Parents Outraged After 12 Kids Drink Floor Sealant Instead of Milk at Camp

Parents are furious after learning their children were given floor sealant instead of milk to drink at a summer camp on Tuesday.

Two adults and 12 children drank the sealant with breakfast at the RALLY summer school program in Juneau, Alaska, the Juneau School District confirmed to Newsweek.

"We are still investigating how it happened," Superintendent Bridget Weiss said.

"What we do know is that sealant that was packaged in large pouches was mistakenly delivered to the site on the same pallet as boxes of large pouches of milk," said Weiss. "The liquid looked just like milk and was mistakenly put in the milk dispenser. The sealant did not have any odor so wasn't immediately obvious."

After students sipping the sealant complained about its taste, two staff members tried the liquid, wondering if it was spoiled milk.

Milk
Parents are furious after learning their children were given floor sealant instead of milk to drink at a camp on Tuesday. Two adults and 12 children drank the sealant with breakfast at the RALLY summer school program in Juneau, Alaska. Stephen Chernin / Stringer/Getty Images North America

Once the error was realized, staff stopped the children from drinking any further and called Poison Control. According to a safety data sheet for the product, which is called Hillyard Seal 341, it is "expected to be a low ingestion hazard."

Parents told local radio station KTOO that they were only alerted to the incident around midday, hours after the incident. They said it was only after school administrators called a poison control center and monitored the children for a while that parents received calls.

Rhyan Nydam, whose 7-year-old attends the camp, told the outlet she should have been involved right away.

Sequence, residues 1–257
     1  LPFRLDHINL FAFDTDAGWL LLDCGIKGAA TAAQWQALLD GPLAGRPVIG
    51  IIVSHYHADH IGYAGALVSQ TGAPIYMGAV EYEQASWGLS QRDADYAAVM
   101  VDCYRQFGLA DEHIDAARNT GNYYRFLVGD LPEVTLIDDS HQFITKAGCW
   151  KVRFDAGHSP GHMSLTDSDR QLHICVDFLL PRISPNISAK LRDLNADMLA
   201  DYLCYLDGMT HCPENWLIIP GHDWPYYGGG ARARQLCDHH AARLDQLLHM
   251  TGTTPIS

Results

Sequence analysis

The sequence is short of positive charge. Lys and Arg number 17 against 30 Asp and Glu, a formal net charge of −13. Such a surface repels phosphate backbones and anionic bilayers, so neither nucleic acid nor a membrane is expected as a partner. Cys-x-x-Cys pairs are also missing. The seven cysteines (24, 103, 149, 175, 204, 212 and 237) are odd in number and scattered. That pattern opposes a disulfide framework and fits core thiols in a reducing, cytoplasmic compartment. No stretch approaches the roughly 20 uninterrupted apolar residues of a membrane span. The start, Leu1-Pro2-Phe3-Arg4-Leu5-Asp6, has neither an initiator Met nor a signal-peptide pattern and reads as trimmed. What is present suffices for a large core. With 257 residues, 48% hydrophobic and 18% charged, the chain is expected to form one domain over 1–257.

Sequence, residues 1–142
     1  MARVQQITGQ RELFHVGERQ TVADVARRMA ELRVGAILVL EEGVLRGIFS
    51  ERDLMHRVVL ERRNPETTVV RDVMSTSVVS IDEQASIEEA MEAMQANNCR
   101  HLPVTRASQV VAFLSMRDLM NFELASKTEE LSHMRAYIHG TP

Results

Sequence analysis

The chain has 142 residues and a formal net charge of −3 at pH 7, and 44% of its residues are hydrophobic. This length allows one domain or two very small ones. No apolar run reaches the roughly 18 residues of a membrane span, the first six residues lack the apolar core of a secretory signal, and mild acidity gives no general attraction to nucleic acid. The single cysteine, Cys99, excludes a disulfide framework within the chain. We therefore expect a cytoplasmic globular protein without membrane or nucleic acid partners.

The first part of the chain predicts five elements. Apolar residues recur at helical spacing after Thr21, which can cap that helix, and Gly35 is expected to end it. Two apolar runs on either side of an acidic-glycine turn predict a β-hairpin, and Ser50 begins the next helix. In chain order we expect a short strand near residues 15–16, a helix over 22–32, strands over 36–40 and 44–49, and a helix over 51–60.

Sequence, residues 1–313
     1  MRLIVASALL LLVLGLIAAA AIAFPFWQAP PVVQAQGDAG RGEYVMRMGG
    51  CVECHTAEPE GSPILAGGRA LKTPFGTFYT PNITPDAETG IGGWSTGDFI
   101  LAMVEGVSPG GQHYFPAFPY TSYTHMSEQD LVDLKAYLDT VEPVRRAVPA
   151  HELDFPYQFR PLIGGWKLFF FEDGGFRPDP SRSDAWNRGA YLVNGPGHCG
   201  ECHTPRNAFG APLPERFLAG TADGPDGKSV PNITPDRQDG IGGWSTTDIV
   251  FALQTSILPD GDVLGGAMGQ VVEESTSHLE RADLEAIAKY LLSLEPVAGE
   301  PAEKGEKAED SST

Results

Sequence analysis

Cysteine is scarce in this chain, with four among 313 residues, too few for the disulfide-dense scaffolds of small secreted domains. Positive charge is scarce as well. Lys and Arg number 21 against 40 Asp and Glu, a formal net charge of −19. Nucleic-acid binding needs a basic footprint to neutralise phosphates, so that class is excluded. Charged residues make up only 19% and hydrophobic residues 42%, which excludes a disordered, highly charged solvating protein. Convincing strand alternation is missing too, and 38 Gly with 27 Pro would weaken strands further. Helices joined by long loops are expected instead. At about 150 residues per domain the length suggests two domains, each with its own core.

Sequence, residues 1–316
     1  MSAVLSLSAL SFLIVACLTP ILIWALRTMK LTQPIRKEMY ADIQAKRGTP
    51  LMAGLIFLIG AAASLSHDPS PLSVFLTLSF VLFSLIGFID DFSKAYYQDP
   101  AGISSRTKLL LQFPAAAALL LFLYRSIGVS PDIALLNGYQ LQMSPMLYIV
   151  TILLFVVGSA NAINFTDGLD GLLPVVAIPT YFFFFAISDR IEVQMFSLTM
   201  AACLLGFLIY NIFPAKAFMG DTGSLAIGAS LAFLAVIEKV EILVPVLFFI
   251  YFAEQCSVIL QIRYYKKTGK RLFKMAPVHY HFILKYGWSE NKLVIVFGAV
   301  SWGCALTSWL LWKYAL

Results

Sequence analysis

I just can't believe it took so long even just to tell me, you know?
Rhyan Nydam, parent

"I just can't believe it took so long even just to tell me, you know? If I wanted to run my kid to the hospital, I wouldn't have even known," said Nydam.

Her husband Barry Nydam added, "I don't see my daughter going there anymore. You'd have to have the people running it removed and new people running it."

According to Weiss, everyone who drank the sealant seems to be safe so far.

"There were some headaches, some burning in their throats and mouths when first ingested and some stomach aches," she said. "As of last evening, I was able to talk with 10 of the 12 families directly and students were mostly feeling better and some still recovering but had not gotten worse."

As of last evening, I was able to talk with 10 of the 12 families directly and students were mostly feeling better and some still recovering but had not gotten worse.
Bridget Weiss, RALLY superintendent

The sensitive issue of children's food safety was recently thrust into the national spotlight by Abbott's recall of powder baby formulas, due to the presence of a rare bacteria that is lethal for infants. At least nine babies have died after consuming the company's formula manufactured in Sturgis, Michigan, documents obtained by eFoodAlert revealed.

In April, the Food and Drug Administration (FDA) also launched an investigation into the popular children's cereal Lucky Charms, after thousands of consumers claimed it gave them food poisoning.

And last year, over 15,000 pounds of beef patties from Ohio-based AdvancePierre Foods, Inc. were recalled after the Department of Agriculture's Food Safety and Inspection Service (FSIS) warned they could include "small green soft plastic." Some frozen batches of the items had been distributed to schools.

Newsweek reached out to the Juneau Police Department for comment.